Multidisciplinary Investigation of a Widespread Pacific Sea Star Wasting Syndrome - Part I: Epidemiology, Clinical Signs and Histopathology
Asteroidea mortality in several genera was unusually high along the west coast of North America, from Alaska to southern California from September 2013–February 2014. The number of dead sea stars is estimated in the millions and the mortality rates in affected regions continue to be high with 100% mortality documented in certain sea star species. A similar but smaller event occurred along the east coast of the United States earlier in 2013. An international, multidisciplinary team of investigators at various institutions are participating in the ongoing efforts to determine the cause of this unusual wildlife mortality event. Concurrent to mortality of free-ranging animals, sea stars at several aquariums also began to die. Species that have been highly affected include Pycnopodia helianthoides, Pisaster spp. and Evasterias spp., while sympatric species such as Asterina spp., Dermasterias spp., and Mediaster spp. have been affected to a much lesser degree. In British Columbia and Washington, outbreaks affecting Pycnopodia sp. were first reported in northern Washington and inner British Columbia waterways while outer-coast sea stars were not immediately affected. No obvious water-quality factors have been associated with disease outbreaks. Clinical signs include a melting syndrome that begins as epidermal ulcerations at the junction of the disc and arms that can progress to transmural perforation with extrusion of digestive organs resulting in complete dissolution of the sea star in 24 to 72 hours leaving only ossicles. Other animals may show progressive autotomy of the limbs with death in 24 to 48 hours. Cytology from affected animals has shown various bacteria including long, motile forms. Histologic examination identified degeneration, necrosis and ulceration of the epidermis and cuticle with inflammation (characterized by edema and infiltration of coelomocytes) extending through the body wall and into the coelom. Despite the clinical suspicion of an infectious agent and early transmission studies suggesting that a pathogen can be spread from affected to non-affected animals, no obvious pathogen has been identified by traditional diagnostic techniques. This has necessitated the use of highly sophisticated and technologically advanced methods to help characterize possible etiologies.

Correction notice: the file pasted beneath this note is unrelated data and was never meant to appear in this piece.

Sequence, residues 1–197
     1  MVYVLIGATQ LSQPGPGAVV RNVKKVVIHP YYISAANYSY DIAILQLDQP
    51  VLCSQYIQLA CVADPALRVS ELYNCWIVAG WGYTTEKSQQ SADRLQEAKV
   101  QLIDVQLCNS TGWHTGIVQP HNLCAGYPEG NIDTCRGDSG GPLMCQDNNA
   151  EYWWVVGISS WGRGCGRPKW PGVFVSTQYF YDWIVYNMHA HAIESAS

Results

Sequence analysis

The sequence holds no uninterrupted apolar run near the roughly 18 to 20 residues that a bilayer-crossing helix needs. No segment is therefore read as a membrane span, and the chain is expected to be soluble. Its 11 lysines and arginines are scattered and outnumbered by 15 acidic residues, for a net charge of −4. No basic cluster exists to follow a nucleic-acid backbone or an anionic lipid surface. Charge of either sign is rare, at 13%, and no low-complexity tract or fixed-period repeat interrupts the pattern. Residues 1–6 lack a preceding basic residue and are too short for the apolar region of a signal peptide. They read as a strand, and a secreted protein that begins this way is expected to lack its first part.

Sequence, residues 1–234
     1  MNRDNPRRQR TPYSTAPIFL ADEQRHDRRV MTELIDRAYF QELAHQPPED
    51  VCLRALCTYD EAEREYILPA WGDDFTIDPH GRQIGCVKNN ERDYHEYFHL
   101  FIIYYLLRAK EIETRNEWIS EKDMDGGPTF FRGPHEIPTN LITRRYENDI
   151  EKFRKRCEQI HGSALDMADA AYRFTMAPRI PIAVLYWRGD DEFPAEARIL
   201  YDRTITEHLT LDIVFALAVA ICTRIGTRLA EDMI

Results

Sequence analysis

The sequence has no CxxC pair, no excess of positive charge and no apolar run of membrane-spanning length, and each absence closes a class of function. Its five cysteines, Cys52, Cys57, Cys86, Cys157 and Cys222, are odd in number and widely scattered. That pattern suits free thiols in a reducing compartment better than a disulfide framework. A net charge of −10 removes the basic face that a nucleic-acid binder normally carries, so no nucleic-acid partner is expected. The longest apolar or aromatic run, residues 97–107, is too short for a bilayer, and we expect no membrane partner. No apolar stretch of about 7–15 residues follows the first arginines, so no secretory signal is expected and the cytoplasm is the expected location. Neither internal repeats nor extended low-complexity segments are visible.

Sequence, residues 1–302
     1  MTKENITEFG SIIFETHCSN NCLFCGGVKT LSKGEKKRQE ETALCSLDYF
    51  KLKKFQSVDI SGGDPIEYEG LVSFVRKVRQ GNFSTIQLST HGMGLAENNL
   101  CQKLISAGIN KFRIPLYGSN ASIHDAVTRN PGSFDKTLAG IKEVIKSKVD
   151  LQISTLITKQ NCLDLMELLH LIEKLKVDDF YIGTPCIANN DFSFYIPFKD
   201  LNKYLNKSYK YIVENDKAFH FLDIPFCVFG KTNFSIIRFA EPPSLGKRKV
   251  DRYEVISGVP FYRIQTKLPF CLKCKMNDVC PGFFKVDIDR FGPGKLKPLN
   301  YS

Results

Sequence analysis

We cannot begin to list the numerous individuals and institutions including citizen science groups, divers, volunteers, as well as government, private, and non-governmental organizations that have been involved in the investigation of this outbreak. We would like to recognize Donna Gibbs, Neil Fisher, Jessica Shultz, Kate Cooper, Sion Cahoon, Bryan Kent, Danny Kent, Stefania Gorgopa, and Justin Lisaingo of the Vancouver Aquarium for their amazing assistance with sample collection and providing data. Special thanks to Dr. Sal Frasca for comments and assistance with histopathology and electron microscopy.
* Presenting author